Every time of year has the potential to exacerbate rashes on the body, but perhaps no season is as irritating to rashes as the summer. As the weather warms up and most people are doing anything they can to spend more time outside, different types of rashes can crop up at unsuspecting times. Here are a few of the rashes most commonly found during the summer months and how to treat and prevent them.
Of the types of rashes that show up most frequently after time spent outside, these two are quite common. The poison ivy skin rash comes from brushing up against the poison ivy plant, which is found across most of North America. This plant grows in wooded areas and can be identified by its three green leaves.
Poison oak, on the other hand, can have three, five, or even seven leaves. While neither of these plants are actually poisonous, the oil they produce causes a blistering skin rash with contact. If you see a raised, red rash that’s accompanied by an intense itch after spending time outdoors, it’s probably one of these two.
Before heading outside, take a look through some photos of these plants so you know how to identify them. Wear long sleeves and long pants, if possible, when spending time hiking or playing in wooded areas. If you do get one of these types of rashes, apply some calamine lotion to soothe the itch. OTC corticosteroids can also offer relief from itching and swelling, which may occur with poison oak or poison ivy skin rashes. If the rash is severe, see a doctor right away to get a stronger-potency corticosteroid prescription.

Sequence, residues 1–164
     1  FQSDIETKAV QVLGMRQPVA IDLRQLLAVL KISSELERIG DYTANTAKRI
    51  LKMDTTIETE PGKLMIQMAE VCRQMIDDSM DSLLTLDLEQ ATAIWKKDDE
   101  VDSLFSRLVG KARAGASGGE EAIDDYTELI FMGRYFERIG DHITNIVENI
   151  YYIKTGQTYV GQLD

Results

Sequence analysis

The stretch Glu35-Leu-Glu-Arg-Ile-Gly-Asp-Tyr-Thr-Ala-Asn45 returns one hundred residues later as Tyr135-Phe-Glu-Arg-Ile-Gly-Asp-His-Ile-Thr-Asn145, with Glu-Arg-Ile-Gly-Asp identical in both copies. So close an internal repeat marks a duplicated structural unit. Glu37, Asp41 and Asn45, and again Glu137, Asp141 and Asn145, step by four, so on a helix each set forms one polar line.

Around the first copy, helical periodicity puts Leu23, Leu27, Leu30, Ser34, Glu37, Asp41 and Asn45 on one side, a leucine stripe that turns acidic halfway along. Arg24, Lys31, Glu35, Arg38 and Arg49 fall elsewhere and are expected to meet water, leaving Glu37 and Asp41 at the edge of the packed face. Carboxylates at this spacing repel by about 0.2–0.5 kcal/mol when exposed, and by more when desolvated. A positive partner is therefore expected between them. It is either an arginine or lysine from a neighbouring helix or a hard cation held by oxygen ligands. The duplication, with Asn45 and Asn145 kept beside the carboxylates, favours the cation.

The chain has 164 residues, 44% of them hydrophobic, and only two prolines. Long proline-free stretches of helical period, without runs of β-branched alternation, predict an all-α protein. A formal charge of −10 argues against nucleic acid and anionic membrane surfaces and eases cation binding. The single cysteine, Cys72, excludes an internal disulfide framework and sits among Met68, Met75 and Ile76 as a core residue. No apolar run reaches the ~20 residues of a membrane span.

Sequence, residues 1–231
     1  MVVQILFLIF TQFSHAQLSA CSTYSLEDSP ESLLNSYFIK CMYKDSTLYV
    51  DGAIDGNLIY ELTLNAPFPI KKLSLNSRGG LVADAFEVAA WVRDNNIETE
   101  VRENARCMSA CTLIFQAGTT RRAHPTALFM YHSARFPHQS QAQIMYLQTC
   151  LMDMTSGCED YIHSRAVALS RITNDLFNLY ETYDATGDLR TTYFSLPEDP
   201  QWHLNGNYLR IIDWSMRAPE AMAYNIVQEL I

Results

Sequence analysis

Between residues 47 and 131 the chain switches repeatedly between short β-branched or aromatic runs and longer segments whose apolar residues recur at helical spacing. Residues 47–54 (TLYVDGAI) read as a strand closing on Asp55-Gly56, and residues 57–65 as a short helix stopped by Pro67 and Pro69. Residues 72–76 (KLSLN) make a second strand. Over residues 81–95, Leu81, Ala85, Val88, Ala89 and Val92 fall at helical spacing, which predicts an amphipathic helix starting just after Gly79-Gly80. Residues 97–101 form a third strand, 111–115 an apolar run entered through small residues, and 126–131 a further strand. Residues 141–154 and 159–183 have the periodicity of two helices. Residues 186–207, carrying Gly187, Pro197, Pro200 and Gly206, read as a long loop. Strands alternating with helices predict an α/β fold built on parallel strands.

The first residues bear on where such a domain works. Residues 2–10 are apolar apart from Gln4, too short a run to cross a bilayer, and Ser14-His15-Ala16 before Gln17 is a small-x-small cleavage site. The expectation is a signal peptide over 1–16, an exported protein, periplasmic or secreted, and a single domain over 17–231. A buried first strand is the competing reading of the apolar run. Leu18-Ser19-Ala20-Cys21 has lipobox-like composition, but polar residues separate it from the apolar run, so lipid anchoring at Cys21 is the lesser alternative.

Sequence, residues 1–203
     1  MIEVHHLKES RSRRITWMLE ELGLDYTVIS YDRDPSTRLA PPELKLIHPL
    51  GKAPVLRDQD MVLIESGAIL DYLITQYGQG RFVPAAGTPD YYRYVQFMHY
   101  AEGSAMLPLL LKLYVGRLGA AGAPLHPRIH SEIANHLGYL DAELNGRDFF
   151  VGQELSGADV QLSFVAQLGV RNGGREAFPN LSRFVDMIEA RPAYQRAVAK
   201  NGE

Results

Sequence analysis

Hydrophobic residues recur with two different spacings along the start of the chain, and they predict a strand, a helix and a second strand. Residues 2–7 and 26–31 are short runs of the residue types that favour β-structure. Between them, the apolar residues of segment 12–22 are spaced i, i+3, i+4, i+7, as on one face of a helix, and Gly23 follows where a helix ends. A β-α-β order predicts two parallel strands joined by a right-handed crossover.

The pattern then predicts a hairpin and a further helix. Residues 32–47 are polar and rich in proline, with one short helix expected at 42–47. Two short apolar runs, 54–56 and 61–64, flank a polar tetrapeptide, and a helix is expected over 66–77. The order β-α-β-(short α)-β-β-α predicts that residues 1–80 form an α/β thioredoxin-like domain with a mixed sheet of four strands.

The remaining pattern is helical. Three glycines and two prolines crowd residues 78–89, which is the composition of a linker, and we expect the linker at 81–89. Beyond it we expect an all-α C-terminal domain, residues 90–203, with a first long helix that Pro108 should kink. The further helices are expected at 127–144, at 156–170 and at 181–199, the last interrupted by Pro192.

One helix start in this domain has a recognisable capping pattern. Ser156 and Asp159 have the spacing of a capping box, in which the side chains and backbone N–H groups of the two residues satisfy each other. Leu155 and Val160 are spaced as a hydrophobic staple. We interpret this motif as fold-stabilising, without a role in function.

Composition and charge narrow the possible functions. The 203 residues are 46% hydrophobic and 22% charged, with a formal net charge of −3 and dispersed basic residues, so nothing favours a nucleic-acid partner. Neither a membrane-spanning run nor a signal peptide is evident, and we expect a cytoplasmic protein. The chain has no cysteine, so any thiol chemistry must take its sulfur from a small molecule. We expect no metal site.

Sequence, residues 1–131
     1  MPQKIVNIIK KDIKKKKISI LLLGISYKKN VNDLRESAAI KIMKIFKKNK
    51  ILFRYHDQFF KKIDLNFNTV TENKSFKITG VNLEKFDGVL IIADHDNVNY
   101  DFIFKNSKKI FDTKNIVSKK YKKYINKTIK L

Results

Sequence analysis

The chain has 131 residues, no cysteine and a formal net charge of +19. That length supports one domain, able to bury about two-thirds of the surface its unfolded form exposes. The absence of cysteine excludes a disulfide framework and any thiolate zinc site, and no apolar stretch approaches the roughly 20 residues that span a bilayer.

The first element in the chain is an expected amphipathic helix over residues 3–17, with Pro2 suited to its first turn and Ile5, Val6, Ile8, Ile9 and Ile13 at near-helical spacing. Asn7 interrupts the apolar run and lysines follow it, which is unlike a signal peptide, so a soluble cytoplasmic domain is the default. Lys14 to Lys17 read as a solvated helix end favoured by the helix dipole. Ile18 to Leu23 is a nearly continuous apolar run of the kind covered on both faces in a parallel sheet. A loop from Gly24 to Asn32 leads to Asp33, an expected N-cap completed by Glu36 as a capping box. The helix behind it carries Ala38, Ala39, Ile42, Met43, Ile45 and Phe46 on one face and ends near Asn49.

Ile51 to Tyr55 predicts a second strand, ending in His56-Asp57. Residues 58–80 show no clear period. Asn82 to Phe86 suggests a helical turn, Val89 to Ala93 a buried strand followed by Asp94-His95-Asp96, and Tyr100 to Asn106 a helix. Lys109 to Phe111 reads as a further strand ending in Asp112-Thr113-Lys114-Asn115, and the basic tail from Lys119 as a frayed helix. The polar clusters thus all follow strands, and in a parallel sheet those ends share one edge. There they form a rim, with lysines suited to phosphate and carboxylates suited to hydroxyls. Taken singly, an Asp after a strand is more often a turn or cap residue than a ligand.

Heat rash occurs when the pores (sweat glands) become clogged, usually due to the production of excess sweat. The rash is known as miliaria or prickly heat and is typically red and bumpy with an itching or burning sensation accompanying it. In severe cases, the bumps can turn into large red welts.
While heat rash can occur at any time in warm weather, it’s especially common during strenuous physical activity. If you’re susceptible to heat rash, consider exercising indoors on warmer days rather than outside. Above all, stay as hydrated as possible and wear loose-fitting clothing rather than tight fabrics that can trap heat and sweat. Also, avoid using comedogenic (pore-clogging) lotions, oils, or other products that could block the pores and contribute to heat rash.
Heat rash usually dissipates on its own within a few hours to a few days after occuring, but cooling the body down can help diminish the effects of this type of rash. Sitting in front of a fan, in a cold, air conditioned room, or taking a cold shower can help regulate body temperature.
If you’re in the greater New York City area and are struggling with a skin rash on your body, contact Vanguard Dermatology today for an appointment. One of our board-certified specialists can examine the rash and properly diagnose it, providing you with the much-needed treatment and relief you’re seeking.